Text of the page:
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February 26-27 snowstorm updates
This is an ongoing blog post about the current storm affecting the Ohio Valley and Appalachian regions. New updates are listed first.
9:17AM Wednesday: This event is going to linger through this evening, but I'm calling it a day. After an all-night coverage marathon into this morning, I picked up a good amount of decent icy road footage from this storm - some more of which I'll post later after I've had a chance to rest. So far it looks like staying in Charleston was the right call, as there have not been any thunder reports yet from Beckley. As for storm snowfall totals, we're at 3 inches now and still going (see the ground camera).
3:25AM Wednesday: Just caught this at Oakwood/Fort Hill 30 minutes ago (click picture for video clip):
Click for video clip
The Ohio snow band should be here within the next hour or two. A Beckley trip is looking less likely as any thundersnow that does occur should happen after sunrise when the upslope really starts kicking in. Daytime would make any snowbound lightning hard to see on video footage.
1:38AM Wednesday: Currently a lull in the action after the earlier heavy snow band, although light upslope snow continues. The northwest flow Lake Michigan moisture conveyor belt is evident on radar (below) with a few snow bands embedded in it. The band over Ohio should arrive here in the next 2 to 3 hours and intensify with the aid of upslope flow.
Radar: Lake Michigan moisture heading toward WV
10:28PM Tuesday: As you can see on the ground camera, we just picked up a quick inch in a 20-minute band of heavy snow. The temps and accumulations are very elevation-dependent now, with my house up on the ridge at 31F and the valley downtown just now hitting the freezing mark. The roads in the valley, including the interstate, never began to ice up despite the heavy snow- and the highway crews are already out salting. This may clear the way for a Beckley thundersnow chase shortly.
8:08PM Tuesday: Changeover is complete here in Charleston, with upslope precip already breaking out and lighting up the radar. Waiting on the temps to drop to 32F in the valley, then it's time to go. The sensor here at the house is reading 33F with snow starting to stick to the back porch, so it won't be too much longer.
Upslope snow on the Charleston radar at 8:08PM
5:21PM Tuesday: The changeover to snow is knocking at the state line currently - although freezing temps are still lagging far behind in northern Ohio, central Indiana and southern Illinois. The RUC model shows the strong plume off of Lake Michigan that will be aiding our upslope event later. As Bill mentioned below, the strong northwesterly upslope flow and very cold air aloft later tonight could result in convective snow with lightning (thundersnow) in Beckley. For that reason, I am preparing for the possibilty of spending the night up there once the WVDOH gets the roads salted and under control here in Charleston. It's going to be tricky deciding if and when it's clear to leave Charleston tonight, and I may not be able to at all if the Fort Hill/Oakwood bridge remains a prolonged risk. Complicating things is the fact that Beckley will be getting heavy snow long before Charleston does. It's one of those nights where I'm probably going to have to choose one or the other, with the risk that I'll come up empty-handed and at the same time miss something where I decided not to go. In the end, as much as I'd like to try for thundersnow, the bridge here remains the main footage priority. I would rather miss lightning/snow in Beckley than miss an event at the bridge. Too bad I can't be two places at once...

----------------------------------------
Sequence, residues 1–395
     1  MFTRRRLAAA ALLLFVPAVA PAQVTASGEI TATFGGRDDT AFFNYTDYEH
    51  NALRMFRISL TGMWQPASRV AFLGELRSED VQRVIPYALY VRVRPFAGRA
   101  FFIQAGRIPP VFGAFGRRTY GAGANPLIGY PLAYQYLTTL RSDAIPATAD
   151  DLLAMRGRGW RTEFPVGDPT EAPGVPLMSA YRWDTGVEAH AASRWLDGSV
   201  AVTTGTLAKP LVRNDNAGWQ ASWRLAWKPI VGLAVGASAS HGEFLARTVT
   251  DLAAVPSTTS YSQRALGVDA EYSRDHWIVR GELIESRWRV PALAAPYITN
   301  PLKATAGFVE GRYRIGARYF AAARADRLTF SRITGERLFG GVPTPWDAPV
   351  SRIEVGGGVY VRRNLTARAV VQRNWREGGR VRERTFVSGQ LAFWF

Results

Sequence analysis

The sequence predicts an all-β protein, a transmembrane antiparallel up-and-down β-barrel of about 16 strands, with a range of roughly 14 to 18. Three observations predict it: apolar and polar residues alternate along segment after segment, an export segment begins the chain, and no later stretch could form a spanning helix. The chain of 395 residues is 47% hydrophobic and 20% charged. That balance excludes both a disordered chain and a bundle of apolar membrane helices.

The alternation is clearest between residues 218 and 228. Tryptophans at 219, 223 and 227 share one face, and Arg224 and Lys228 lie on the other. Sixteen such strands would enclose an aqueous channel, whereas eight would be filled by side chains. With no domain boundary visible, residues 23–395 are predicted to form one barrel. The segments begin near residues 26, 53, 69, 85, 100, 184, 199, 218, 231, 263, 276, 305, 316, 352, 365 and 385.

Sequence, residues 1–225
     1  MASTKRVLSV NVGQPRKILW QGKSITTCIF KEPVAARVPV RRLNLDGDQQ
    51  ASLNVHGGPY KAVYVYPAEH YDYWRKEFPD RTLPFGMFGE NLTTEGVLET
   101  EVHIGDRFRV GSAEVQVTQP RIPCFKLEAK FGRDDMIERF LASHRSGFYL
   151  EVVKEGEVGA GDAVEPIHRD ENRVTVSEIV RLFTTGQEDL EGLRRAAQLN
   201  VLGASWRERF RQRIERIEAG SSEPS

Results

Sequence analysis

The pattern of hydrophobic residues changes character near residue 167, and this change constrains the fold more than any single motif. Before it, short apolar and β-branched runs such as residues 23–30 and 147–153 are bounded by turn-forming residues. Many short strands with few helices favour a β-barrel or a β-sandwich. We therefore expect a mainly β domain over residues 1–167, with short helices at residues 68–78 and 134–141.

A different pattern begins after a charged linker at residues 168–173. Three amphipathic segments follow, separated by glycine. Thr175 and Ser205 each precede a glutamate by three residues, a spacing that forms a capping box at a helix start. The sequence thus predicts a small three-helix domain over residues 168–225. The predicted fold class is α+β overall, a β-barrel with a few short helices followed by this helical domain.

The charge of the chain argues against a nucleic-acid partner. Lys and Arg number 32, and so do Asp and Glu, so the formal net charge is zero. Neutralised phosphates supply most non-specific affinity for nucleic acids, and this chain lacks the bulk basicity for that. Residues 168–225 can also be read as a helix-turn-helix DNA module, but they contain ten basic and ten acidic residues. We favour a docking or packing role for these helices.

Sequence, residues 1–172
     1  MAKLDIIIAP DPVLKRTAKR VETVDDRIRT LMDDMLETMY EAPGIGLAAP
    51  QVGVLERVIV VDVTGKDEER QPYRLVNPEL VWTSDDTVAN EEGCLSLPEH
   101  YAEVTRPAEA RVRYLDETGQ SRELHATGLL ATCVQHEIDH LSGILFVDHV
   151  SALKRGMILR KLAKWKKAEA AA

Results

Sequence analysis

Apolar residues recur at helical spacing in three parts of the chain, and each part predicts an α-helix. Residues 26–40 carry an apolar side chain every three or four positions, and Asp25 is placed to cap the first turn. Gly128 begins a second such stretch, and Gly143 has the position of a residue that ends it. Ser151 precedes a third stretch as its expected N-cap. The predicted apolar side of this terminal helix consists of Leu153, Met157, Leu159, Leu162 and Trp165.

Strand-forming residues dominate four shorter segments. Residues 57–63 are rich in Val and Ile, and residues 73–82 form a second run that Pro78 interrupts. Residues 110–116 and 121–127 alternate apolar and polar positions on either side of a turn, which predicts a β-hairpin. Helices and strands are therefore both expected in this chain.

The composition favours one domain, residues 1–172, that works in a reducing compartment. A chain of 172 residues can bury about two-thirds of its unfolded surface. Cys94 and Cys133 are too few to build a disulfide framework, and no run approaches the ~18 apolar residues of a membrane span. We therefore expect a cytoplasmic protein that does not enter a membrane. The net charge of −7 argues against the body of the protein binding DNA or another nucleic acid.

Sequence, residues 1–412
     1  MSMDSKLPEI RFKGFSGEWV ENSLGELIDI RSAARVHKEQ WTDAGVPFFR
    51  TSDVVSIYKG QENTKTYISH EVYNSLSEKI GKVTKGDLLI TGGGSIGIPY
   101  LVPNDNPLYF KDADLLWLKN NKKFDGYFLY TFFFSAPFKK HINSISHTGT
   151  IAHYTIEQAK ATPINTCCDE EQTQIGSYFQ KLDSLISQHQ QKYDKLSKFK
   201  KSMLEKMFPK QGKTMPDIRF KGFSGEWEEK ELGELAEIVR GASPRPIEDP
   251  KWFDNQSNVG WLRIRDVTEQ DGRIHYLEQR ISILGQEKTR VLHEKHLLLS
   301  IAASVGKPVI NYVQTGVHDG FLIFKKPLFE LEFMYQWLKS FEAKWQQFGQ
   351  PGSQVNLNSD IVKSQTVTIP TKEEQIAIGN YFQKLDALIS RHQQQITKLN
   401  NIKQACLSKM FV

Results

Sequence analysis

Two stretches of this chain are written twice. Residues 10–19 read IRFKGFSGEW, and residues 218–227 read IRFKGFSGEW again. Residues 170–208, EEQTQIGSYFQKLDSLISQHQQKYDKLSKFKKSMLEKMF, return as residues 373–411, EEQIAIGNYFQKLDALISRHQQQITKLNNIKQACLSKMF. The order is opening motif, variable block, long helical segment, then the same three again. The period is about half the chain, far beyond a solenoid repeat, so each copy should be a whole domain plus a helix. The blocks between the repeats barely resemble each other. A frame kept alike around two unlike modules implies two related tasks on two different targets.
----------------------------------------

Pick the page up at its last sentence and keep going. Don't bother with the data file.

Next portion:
Observations at 5:21PM
2:23PM Tuesday: Another day, another snow event for the 2007-2008 winter! This one has some of the better potential for a good snow accumulation that we've seen here since December 5. Not much in the way of forecasting to do today, as all indications point to snow being in full swing here by midnight tonight. Upslope enhancement will be a major player through tomorrow night, with totals in the mountains topping 8 inches. In Charleston and Huntington, it's more of a toss-up - we're not even under any watches, warnings or advisories here. Nonetheless I expect to see anywhere between one and four by tomorrow, of course accompanied by the usual road problems.